Fed: “Greater Gradualism”

Published on March 29, 2016

Federal Reserve Chair Janet Yellen’s luncheon speech before the Economic Club of New York earlier today was by most accounts as dovish as they come, and if anything else, it was noteworthy for a Chair’s speech in that she seemed to cede little to her Federal Open Market Committee colleagues who last week adopted much more hawkish stances, even putting an April rate hike on the table.

*** Chair Yellen all but scolded her colleagues on their more hawkish remarks about April, and she went some way to discounting the odds on a June rate hike. While the labor market is still set to tighten with growth looking to hold steady above trend, she put the accent of her speech on the uncertainty in global developments and risks, which are adding “significantly” to a “greater gradualism” on the pace of policy normalization from here. ***

*** That said, unless the data turn unexpectedly soft from here, we still think a June rate hike should not be ruled out. A summer move followed by an extended pause until December, for instance, may come to be a credible compromise to maintain a reasonably firm Committee policy consensus. What’s more, in some sense, a calmer market and global outlook will make it that much easier for the Fed to hike as soon as June. ***

Chair Yellen made three points that stood out for us.

The first was how much weight she put on foreign factors as a “significant” influence on US monetary policy. She noted as she did in the March meeting press conference that the outlook had not really changed all that much between March and December, but that the rate path was adjusted lower in order to keep the economy on course with the growth projections.

And that needed adjustment was not so much a change in the reaction function as it was a more straightforward pre-emptive move to get in front of a potentially negative global impact on the outlook. She also made a point of singling out China, noting the pace of global growth was “importantly influenced by developments in China,” and she wondered aloud how smoothly its transition to domestic-driven growth would be, and she also made note of further potential financial disruptions in the market during that transition.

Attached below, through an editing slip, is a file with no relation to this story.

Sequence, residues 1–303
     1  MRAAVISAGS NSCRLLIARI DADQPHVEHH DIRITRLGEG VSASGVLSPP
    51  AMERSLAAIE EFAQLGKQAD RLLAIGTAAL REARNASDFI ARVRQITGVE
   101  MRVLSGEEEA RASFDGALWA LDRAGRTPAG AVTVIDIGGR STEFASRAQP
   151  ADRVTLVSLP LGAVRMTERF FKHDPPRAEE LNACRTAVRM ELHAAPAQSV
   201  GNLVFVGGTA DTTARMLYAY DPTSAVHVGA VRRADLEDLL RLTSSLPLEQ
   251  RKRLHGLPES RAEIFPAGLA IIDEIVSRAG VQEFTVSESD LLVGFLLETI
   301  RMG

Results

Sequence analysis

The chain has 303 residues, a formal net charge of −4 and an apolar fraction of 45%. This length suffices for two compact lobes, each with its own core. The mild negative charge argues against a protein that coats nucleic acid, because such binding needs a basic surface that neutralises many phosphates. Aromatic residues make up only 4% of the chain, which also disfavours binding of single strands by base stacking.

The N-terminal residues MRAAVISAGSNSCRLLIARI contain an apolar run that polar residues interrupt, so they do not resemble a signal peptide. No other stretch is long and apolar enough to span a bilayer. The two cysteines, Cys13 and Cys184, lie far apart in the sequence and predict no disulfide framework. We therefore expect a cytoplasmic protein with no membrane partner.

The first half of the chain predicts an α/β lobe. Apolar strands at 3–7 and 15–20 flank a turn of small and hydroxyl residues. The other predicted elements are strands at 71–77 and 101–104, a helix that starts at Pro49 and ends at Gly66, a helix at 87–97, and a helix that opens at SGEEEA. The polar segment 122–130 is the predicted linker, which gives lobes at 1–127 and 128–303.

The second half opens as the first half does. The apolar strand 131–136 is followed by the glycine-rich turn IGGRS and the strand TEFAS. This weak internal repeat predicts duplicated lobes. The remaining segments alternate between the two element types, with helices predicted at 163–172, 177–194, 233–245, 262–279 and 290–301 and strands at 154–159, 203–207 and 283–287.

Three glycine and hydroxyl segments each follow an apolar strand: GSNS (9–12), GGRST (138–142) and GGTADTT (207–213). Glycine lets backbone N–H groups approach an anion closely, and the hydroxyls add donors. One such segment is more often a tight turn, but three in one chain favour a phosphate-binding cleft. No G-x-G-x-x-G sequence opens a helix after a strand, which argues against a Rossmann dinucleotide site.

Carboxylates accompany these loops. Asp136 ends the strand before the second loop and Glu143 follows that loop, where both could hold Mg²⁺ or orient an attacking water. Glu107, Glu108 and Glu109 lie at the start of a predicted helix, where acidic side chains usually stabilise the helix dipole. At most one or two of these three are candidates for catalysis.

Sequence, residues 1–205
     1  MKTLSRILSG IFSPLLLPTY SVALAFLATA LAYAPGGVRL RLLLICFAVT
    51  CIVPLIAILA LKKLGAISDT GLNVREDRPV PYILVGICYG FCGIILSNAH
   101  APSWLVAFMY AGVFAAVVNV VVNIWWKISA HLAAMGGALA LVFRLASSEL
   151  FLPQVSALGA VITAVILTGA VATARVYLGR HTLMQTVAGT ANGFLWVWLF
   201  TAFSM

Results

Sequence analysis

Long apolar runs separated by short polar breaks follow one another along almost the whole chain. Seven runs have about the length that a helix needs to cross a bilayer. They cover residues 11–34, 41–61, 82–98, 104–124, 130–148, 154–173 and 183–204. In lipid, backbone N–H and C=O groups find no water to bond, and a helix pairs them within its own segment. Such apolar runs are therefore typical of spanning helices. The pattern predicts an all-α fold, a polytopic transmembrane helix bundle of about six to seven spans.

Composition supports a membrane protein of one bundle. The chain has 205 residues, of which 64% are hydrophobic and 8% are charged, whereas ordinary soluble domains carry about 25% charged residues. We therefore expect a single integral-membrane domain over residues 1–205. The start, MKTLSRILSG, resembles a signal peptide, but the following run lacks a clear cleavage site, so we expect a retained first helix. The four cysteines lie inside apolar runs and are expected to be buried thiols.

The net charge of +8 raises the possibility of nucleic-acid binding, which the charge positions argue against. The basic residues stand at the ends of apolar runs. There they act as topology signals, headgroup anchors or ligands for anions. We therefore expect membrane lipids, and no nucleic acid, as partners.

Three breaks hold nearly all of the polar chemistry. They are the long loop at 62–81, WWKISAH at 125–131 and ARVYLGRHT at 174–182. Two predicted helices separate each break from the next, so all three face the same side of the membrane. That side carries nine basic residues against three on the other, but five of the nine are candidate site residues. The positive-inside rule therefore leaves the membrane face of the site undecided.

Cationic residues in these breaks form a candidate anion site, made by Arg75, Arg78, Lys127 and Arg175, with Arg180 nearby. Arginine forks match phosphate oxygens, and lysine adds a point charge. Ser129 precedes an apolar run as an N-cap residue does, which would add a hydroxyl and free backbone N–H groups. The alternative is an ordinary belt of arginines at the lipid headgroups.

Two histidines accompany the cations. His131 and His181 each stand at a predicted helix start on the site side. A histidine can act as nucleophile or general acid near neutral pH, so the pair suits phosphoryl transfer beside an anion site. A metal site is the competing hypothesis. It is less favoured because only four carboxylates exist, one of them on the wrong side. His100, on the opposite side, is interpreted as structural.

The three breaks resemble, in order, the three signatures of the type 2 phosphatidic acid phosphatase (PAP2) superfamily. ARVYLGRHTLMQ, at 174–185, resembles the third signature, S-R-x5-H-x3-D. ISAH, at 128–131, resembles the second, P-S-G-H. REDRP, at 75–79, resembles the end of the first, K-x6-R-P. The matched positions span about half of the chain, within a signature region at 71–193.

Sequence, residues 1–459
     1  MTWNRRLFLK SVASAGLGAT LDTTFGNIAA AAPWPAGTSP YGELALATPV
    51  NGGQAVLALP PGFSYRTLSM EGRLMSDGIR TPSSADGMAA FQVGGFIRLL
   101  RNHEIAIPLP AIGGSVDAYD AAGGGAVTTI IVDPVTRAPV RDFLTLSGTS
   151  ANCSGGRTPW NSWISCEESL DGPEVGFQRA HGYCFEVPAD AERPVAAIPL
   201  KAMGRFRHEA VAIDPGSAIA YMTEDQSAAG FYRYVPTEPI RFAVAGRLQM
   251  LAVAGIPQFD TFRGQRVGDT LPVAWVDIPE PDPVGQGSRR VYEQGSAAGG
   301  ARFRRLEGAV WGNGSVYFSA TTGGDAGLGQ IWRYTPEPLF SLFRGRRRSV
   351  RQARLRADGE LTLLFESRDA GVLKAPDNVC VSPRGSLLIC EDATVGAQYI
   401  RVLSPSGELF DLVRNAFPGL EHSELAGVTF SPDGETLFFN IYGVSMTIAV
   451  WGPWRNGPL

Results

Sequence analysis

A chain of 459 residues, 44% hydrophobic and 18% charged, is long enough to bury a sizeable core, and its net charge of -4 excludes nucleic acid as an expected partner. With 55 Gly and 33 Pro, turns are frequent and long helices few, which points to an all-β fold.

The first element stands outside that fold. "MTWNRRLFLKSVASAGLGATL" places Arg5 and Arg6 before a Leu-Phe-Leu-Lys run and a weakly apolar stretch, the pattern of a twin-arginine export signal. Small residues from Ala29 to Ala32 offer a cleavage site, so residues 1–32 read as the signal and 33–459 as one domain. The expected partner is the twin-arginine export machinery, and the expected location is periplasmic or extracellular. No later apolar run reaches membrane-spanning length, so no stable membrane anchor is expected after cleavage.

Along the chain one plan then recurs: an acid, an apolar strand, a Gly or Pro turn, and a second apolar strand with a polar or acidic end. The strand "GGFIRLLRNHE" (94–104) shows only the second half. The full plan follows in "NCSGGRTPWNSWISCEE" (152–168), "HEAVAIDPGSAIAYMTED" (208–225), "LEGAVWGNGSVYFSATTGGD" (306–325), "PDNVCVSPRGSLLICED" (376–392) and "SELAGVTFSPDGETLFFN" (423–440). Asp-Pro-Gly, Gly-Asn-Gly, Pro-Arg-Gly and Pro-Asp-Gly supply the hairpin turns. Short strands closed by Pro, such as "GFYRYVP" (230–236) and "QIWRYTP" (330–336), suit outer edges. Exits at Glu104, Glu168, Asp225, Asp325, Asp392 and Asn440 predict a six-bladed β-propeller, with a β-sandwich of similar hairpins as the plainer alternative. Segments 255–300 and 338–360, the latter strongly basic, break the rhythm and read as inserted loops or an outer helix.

The second point we though worth highlighting was that while Chair Yellen did offer a slight concession to the “first stirrings” of inflation concerns of many of her colleagues, she otherwise pressed pretty hard that despite the recent uptick in higher core inflation, any near term sustained rise in core inflation is nevertheless unlikely. “It is too early to tell if this recent faster pace will prove durable,” she said with a rhetorical shrug. As we noted in our report yesterday (SGH 3/28/16, “Fed: Waiting for Chair Yellen”), however, we still believe the debate over how the dynamics of the inflation process play out this year will invariably be the main driver to the rate decisions and policy messaging in the months ahead.

And finally, the third and perhaps most fascinating point Chair Yellen stressed repeatedly was an apparent newfound appreciation of the market pricing, essentially doing much of the Fed’s work to keep the recovery on track.

To be sure, the March revisions to the rate plot were essentially a correction to a mistaken signal sent in the December rate plot — it is why she so fully embraced the rate plots this time — but today she made the point several times to practically thank the market for ignoring the Fed’s previous messaging; its far easier and dovish rate pricing just may have limited any of the damage the Fed would have inflicted on the outlook if its policy signals were taken seriously.

That has to be a first.

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